Spanish surgeons perform world’s first fully robotic lung transplant
A Spanish hospital has successfully completed what is believed to be the world’s first fully robotic lung transplant.
Surgeons at the Vall d’Hebron University Hospital in Barcelona used a four-arm robot dubbed ‘Da Vinci’ to carry out the procedure. The patient was a 65-year-old man called Xavier, requiring a lung transplant due to pulmonary fibrosis, a life-threatening lung disease.
Typical lung transplants are highly invasive: a 30 cm incision must be made in the chest and multiple ribs broken. This allows surgeons to access a patient’s lung, remove it, and replace it with a healthy lung from a donor.
But thanks to Da Vinci, the surgeons were able to cut a much smaller access route in the chest without having to break any bones. The new lung was deflated so that it could enter through the tight incision, which was only 8 cm wide. Smaller cuts were made in the side of the ribs to accommodate the robot’s arms and 3D cameras — which give surgeons a 360-degree view inside the lung.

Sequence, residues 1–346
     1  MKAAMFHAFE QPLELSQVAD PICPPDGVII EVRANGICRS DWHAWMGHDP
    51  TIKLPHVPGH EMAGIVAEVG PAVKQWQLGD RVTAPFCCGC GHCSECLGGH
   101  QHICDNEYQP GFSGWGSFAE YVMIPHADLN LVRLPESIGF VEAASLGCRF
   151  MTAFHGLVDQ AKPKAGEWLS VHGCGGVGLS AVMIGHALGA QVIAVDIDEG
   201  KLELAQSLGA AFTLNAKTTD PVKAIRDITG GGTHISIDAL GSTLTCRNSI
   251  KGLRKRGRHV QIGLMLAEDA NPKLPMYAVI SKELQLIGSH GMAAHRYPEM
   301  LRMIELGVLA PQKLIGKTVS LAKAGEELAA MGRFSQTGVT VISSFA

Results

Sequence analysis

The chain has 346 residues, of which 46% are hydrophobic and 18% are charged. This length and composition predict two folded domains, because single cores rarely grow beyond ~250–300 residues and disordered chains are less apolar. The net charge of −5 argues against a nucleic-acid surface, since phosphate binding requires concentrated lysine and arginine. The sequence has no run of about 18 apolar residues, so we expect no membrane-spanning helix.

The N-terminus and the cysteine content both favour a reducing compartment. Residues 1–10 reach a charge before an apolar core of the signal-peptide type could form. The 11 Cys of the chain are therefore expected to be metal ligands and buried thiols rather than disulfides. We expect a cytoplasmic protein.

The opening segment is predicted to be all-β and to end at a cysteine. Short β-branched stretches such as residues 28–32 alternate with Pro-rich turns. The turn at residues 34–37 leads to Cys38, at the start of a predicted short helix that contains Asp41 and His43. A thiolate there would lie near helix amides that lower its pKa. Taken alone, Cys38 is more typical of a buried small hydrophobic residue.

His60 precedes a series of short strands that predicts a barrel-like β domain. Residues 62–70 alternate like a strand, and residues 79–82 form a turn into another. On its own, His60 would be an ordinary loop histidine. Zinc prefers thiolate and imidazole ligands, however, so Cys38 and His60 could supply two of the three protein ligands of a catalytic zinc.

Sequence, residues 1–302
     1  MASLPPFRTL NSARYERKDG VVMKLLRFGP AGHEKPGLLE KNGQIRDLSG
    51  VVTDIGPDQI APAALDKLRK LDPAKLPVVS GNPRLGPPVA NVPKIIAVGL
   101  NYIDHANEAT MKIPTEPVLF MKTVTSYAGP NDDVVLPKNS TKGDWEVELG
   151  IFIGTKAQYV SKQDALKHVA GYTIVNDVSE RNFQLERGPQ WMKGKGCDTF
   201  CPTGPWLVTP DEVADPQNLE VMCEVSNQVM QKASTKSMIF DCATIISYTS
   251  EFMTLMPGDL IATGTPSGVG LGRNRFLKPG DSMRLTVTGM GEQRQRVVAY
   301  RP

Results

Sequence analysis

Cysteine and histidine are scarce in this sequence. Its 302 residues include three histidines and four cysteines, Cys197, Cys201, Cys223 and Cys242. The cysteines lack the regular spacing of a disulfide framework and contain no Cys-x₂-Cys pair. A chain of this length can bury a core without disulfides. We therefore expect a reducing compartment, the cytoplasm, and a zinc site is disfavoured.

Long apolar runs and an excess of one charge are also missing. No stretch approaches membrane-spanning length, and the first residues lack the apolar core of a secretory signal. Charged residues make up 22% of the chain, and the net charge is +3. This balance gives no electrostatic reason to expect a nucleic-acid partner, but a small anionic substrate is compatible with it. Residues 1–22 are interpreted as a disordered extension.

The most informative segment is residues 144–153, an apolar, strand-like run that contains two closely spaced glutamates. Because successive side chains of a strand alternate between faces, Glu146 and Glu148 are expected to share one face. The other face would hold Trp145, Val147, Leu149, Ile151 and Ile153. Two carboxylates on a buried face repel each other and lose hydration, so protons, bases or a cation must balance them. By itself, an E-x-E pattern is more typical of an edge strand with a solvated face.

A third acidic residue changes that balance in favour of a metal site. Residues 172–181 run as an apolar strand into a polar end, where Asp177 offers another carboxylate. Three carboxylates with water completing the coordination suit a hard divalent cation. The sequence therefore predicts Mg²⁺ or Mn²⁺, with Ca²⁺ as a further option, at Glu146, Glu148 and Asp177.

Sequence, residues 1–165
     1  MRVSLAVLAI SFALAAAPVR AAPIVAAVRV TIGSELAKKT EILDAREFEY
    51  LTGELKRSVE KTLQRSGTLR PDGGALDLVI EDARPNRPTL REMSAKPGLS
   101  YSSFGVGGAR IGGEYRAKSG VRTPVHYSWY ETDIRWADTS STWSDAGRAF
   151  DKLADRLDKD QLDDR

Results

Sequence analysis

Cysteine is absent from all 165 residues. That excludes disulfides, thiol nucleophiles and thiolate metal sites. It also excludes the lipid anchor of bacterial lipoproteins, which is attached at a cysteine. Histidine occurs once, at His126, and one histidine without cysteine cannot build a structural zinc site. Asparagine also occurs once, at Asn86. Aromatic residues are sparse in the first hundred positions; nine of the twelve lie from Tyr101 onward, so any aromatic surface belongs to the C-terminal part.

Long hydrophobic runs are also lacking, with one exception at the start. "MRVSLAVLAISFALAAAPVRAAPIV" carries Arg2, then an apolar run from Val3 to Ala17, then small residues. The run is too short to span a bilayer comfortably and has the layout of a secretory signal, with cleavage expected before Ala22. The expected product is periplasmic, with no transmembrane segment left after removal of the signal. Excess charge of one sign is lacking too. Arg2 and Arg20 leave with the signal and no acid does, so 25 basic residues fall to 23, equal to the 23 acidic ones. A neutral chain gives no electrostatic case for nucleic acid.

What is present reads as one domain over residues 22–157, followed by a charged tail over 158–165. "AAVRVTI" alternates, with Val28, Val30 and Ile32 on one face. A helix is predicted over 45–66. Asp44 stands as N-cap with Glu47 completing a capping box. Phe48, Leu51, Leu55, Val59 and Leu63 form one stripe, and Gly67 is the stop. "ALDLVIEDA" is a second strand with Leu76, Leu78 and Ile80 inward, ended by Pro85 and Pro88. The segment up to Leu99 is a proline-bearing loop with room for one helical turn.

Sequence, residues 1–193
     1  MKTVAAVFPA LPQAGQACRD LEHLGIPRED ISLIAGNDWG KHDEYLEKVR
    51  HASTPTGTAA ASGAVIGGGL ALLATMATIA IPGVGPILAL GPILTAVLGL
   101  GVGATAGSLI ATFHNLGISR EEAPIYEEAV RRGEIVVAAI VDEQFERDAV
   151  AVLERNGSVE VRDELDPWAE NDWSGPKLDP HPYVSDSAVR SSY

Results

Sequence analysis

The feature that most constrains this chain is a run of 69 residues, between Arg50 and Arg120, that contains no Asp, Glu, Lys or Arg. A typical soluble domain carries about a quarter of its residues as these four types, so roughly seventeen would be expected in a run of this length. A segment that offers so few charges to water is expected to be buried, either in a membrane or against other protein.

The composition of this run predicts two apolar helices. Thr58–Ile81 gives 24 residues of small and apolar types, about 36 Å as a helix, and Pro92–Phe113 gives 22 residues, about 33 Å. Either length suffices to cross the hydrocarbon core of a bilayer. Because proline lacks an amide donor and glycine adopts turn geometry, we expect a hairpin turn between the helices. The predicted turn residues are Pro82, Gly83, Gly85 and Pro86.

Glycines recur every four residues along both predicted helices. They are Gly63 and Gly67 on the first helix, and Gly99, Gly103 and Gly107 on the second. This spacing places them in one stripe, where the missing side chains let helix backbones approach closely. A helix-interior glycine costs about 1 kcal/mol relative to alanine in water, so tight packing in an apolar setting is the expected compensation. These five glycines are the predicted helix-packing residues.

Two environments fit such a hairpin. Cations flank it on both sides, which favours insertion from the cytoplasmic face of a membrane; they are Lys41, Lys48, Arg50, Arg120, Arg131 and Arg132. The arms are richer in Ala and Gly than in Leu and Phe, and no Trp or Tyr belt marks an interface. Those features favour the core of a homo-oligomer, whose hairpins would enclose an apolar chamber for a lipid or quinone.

Da Vinci robots were developed by American corporation, Intuitive Surgical, in 2000, and are now used to treat hundreds of thousands of patients each year. The system doesn’t perform the surgery itself but translates a surgeon’s hand movements at a console in real-time.
The robot has only been used for a lung transplant once before, at the Cedars-Sinai Hospital in Los Angeles. However, on that occasion, it was only used for part of the procedure, and the lung was still inserted into the chest in the traditional way.
Vall d’Hebron’s novel application of the tech is less painful for the patient and reduces the risk of post-op infection as the wound closes easily, it said.
“We believe it is a technique that will improve patients’ quality of life, reduce the post-surgery period, and reduce pain,” said Dr Albert Jauregui, head of the Thoracic Surgery and Lung Transplants Department at Vall d’Hebron University Hospital.
Due to the incision’s small size, Xavier only took paracetamol after the operation. Conventional lung transplants generally require post-surgery treatment with much stronger opioid painkillers.
“From the moment I regained consciousness and woke up from general anaesthesia, I had zero pain,” said Xavier.
Other patients on the waiting list for lung transplant surgery at Vall d’Hebron will now be offered the new technique, Jauregui said. He added that he hoped that in the future, this new approach for lung transplantations will become the global standard.
“This operation will not remain only in Vall d’Hebron, which is why we’re showing it to the world, because if this technique works, and we believe it does, then it has to be expanded, because the most important goal is to help more people,” he said.
Going forward the transplant team looks to further refine the procedure, and they predict that the first double-lung transplant using this technique could take place in just a few months.